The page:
waterlessurinals

Waterless Urinal Saves 45,000 Gallons Annually

Written by Jonathan Kennedy

A single waterless urinal can save up to 45,000 gallons of water each year when compared to usage of “waterflushed” urinals. There are approximately 8 million urinals installed in the United States alone. Assuming an average of 2 gallons per flush, the total potable water usage by urinals is approximately 160 billion gallons each year. [i] If all waterflush urinals in the United States were placed with dry urinals, enough water would be saved annually to supply the populations of San Francisco, Charlotte, Seattle, Atlanta, and Portland combined (based on 2000 census data and average per capita usage of 150 gallons per day).

 

Toilets and urinals are still flushed with potable water and it is estimated that up to 20% of the available drinking water in the world is flushed down the drain. [i] Urinals that do not require a flush after use present an opportunity to conserve unnecessarily wasted water.

 

Waterless urinals which are designed to drain urine without the need for flushing have now hit the market. A small liquid chemical trap is usually incorporated into the design that allows urine to drain quickly, but prevents odors from rising through it. In almost every other way, waterless urinals are similar to conventional urinals. They look, function, cost and require about the same maintenance as conventional urinals yet they save thousands of gallons of water per year.

 

Thousands of waterless urinals are now in use in commercial and federal facilities. These existing dry urinals save millions of gallons of water annually. [ii] For example, the STAPLES Center has recently replaced 178 flush urinals with waterless types. This equates to an estimated savings of over 7 million gallons per year. [iii] The Rose Bowl installed 259 waterless urinals that save 130,000 gallons of water on game day alone. That is the same amount of water that is consumed by six people in a year. [iv]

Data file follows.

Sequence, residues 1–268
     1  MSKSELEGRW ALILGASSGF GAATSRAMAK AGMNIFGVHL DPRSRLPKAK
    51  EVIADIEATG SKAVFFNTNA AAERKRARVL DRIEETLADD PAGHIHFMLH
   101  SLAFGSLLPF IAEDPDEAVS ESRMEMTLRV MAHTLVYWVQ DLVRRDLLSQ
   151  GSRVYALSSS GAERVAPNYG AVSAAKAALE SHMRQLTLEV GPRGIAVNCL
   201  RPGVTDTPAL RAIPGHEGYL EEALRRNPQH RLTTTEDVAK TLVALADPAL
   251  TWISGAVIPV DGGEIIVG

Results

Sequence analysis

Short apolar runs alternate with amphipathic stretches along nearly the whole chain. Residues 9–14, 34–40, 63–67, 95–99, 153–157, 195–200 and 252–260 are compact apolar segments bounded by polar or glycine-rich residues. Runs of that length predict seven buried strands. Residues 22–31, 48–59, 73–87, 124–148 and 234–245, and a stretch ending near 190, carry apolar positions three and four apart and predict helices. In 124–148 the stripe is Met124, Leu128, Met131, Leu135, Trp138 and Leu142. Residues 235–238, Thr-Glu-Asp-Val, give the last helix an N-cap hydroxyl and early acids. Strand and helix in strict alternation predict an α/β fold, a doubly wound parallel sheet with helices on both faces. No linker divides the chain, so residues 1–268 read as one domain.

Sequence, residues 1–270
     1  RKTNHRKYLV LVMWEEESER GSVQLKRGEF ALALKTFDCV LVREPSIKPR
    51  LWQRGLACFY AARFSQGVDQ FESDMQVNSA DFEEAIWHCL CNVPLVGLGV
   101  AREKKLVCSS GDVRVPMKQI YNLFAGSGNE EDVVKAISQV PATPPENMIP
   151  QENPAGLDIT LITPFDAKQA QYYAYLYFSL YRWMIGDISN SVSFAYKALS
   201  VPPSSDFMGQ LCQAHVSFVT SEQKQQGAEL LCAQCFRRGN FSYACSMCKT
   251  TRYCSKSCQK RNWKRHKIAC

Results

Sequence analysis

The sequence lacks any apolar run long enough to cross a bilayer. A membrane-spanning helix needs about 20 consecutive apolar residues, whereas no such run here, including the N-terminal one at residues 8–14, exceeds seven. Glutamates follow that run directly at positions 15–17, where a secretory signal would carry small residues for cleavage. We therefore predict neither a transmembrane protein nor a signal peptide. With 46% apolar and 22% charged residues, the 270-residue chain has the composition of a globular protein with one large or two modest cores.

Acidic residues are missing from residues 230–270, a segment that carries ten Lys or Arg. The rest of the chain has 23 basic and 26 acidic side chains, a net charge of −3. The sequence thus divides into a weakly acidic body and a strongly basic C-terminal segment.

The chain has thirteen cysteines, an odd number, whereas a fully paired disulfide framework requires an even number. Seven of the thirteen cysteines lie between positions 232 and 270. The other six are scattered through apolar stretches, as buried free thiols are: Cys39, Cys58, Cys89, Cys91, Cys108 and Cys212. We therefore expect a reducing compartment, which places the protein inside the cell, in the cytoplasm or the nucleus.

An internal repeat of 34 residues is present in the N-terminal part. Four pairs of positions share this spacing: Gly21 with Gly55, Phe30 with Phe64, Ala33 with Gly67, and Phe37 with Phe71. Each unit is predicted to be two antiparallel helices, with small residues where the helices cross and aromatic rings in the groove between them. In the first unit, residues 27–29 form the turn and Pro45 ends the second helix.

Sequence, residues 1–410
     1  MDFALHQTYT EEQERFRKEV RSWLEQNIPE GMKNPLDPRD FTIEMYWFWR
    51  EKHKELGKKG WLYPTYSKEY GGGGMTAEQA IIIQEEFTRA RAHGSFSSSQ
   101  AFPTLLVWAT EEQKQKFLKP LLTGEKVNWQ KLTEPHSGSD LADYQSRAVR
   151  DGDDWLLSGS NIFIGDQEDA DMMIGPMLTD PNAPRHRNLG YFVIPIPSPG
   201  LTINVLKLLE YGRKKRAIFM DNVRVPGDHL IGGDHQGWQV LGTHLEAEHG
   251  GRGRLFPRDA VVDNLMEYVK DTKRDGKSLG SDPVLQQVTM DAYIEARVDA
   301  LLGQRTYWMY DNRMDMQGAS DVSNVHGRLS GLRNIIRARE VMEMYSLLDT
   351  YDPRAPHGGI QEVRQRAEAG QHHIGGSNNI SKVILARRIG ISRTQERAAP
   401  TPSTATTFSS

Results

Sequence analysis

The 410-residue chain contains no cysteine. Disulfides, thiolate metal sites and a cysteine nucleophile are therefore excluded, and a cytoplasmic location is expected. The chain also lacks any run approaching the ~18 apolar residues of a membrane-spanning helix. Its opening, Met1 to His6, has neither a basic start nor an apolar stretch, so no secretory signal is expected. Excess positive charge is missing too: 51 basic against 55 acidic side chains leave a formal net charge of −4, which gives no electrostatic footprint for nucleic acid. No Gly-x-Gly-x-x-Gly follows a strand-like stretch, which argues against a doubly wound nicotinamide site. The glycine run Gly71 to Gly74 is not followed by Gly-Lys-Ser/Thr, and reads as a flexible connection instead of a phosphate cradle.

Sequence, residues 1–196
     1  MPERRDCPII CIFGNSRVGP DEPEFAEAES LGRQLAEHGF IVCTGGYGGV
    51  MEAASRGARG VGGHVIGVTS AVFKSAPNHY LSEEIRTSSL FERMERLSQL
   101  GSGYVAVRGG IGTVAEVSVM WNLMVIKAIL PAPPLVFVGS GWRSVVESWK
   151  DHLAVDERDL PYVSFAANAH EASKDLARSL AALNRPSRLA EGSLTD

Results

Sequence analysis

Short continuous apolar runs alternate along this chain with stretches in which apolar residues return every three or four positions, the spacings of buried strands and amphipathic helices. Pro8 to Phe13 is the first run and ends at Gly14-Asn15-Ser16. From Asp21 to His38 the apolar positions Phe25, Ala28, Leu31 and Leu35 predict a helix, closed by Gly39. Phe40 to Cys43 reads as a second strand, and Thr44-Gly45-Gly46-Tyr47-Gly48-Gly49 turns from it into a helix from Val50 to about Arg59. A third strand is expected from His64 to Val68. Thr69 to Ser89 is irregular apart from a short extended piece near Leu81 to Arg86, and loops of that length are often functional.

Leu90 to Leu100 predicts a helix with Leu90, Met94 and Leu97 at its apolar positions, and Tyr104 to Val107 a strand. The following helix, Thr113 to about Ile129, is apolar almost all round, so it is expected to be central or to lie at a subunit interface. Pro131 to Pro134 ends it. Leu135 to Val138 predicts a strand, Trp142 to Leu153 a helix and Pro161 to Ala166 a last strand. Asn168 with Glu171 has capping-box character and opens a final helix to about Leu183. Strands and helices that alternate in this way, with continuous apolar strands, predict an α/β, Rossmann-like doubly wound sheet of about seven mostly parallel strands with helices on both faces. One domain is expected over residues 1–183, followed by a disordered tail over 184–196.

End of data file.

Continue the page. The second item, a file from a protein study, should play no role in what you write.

Nearly 97 percent of the world’s water is salty or otherwise undrinkable. Another 2 percent is locked in ice caps and glaciers. Only 1 percent is left for all agricultural, residential, manufacturing, community and personal needs, as well as other freshwater-dependent species. Demand for water is doubling every 20 years, outpacing population growth twice as fast. On a worldwide basis, 1.3 billion people do not have access to clean water and 2.5 billion lack proper sewage and sanitation. According to estimates, demand for freshwater will exceed the world’s supply by over 50 percent in less than 20 years. [v]

 

 

[i] http://www.waterless.com/index.php?option=com_content&task=view&id=17&Itemid=44#

[ii] http://www.cecer.army.mil/techreports/ERDC-CERL_TN-06-03/ERDC-CERL_TN-06-03.pdf

[iii] [http://www.staplescenter.com/doublecol.php?section=about&page=greenefforts]

[iv] [http://sustainableportland.org/bps/index.cfm?a=116075&c=42121]

[v] Lohan, T. I. (2008). Water Consciousness. Independent Media Institute